Should you scale out of positions?

Many traders have a favorite method for trading, and they rarely deviate from that plan, regardless of what they are trading.

One method many people like is what I call the “peel off” method.

In its simplest form, the trader starts out with two lots, exits the first at a small profit (the “peel off”), and then holds the second as a “runner,” going for big profits. In some cases when the first lot is exited, the second lot is then modified to have a breakeven stop.

Of course, for every person who uses this method, another person thinks the approach is complete hogwash.

I’m interested in hearing anybody’s experience with using this approach and whether it worked or didn’t work for them.

I am trying my hand at doubling up, not scaling out. The plan is to double the position once unrealised gain on the initial trade reaches 2 x risk. Place the stop for Trade 2 at halfway back to Trade 1’s opening price, move the stop for Trade 1 to the same place. Now you have double the exposure for zero risk.

Repeat for a third trade etc.

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One of the issues involved in scaling out is that it means your position size is at its biggest when the trade starts, which is when you have least information and most risk, and no way of knowing whether it will be a winner or a loser, and at its smallest later on, after it’s already proved to be a successful entry and a good trade.

Which is a pretty funny way of managing your risk, isn’t it? Most risk with the highest stake money and least risk with the lower amount?

Scaling in makes a lot more sense to me than scaling out. That way, you’re adding to winning positions after they’ve already turned out to be good entries (and can do so without increasing risk as Tommor explains in the previous post).


I’ve thought about this a lot, the thing that troubles me with it is it seems to increase your required win rate a lot.


You buy 2 lots, 20 pips stop (net risk 1%) and take profit on 1 lot at 1:1 RR.

You have secured 0.5% and then you breakeven the 1 lot.

If your break even stop hits, you have realised a 2:1 risk:reward.

Assuming the second trade does well and takes a profit for 80 pips, you have gained x4 half risk + 1x half risk = 2.5% for 1% risked.

So, when hitting 1:4 RR, you make 1:2.5 RR and this is in the area of an ideal scenario.

It seems rather inefficient as a pay off for catching such a good move when you’d get the same return on banking 50 pips on the full position.

I wonder how well it would pan out long term when you lose full risk on all losing positions and gain only half risk on many winning positions and have a max pay off coming under 1:3.

This seems like it’d require a fairly high win rate to be overall profitable.

Scaling out means that as the market goes more and more in your direction, you are getting more and more into cash. If it accelerates in your direction, you get out even faster. At the point when you are proven to have been most right, you are least invested.

The idea of this game is to make money.

Scaling out, and moving the stop to b/e without pyramiding, are just scam techniques that some traders and trading experts and most forex account / training course salesmen use to convince the new trader that they can make a profit without risk. In fact, there is no such profit.

The reason you think this is because you don’t consider time to be the most valuable commodity. If the market starts to move sideways you’re going to be holding this position, freezing up capital you could be using on other opportunities. Finally it goes in your favor, what a waste of time. Once you realize time is the most valuable commodity you will have been enlightened and understand what the OP calls the “peel off” method. I call it common sense.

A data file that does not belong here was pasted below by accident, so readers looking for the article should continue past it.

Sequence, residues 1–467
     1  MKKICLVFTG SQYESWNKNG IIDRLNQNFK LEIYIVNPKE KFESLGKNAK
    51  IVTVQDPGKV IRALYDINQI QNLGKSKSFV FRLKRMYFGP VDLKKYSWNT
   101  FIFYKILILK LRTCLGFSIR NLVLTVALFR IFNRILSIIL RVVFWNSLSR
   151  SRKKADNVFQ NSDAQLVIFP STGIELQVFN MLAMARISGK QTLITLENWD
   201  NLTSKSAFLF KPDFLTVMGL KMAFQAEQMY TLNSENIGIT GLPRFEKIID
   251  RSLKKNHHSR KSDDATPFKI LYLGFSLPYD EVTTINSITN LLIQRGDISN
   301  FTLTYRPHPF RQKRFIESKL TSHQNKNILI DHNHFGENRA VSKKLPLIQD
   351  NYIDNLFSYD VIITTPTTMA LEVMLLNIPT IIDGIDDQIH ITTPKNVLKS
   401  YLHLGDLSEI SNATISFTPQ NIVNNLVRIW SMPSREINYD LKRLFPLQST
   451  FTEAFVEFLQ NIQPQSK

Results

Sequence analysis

The key to successful trading is aggression.

I think you are right. Everyone should practice scaling of position.

Reason being to lock in SOME profit for the day as part of risk mitigation?

Don’t worry about locking in some profit, worry about 1. not losing capital and 2. making more capital. Locking in a little profit locks out bigger gains.

Scaling in is definitely the way to go in my opinion, even 100 point intra day trends can become 5:1+ reward to risk trades whilst still giving your stops wiggle room


Usd/jpy is currently trading around 110.15, if you think you have a pretty good idea of the next 100 point move instead of hesitating over the perfect entry get in at market at what you feel is a conservative risk amount, place your stop just beyond support or resistance, for Instance if going short place it a little beyond the previous high of 110.47, so say at 110.55 (40pips) .

Now you might use the break below 110 as your confirmation and double your position and move your stops to maintain your initial risk or breakeven, on the way down to your take profit you may see a 30 or so pip pullback or 2 and take this opportunity to add to your position again at a good price once it resumes downwards, now you’ve hit your take profit at 109.30.

you entered at £4 at 110.15, upped it to £8 at 109.95, again to £12 when the market pulled back 30 points back up to 75. You made £780 profit and your initial risk was only £160.

If you would have waited for the break of 110 and got in at £5 a Point at 109.95 and took profit at 109.30 you would have only made £325 and your stop if you used the same previous high method would be £300, huge difference in Reward to Reward by adding at key levels.

Ideally i would shoot for 200+ pip moves as they can really hit big but you have to be prepared to be wrong a few times, used that as an example as i have the order in already on that one, fingers crossed :slight_smile:

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Sorry, your experience on this site says nothing about you. You glibly speak of 200 pip moves although you seem to interchange pips and points easily.

We need some evidence you actually have a clue what you’re talking about - 200 pip moves are not to be sneezed at !

Ouch that was harsh, search profitforextrader, you’ll see i started posting here in 2009 when i was about 19 and turned my firsg 400 into 30k before blowing all of it of course (martingale never works), then multiple times since to be honest but…9 years laters i’m still trading and have learned a thing or two, take as much of the above as truth as you want :wink: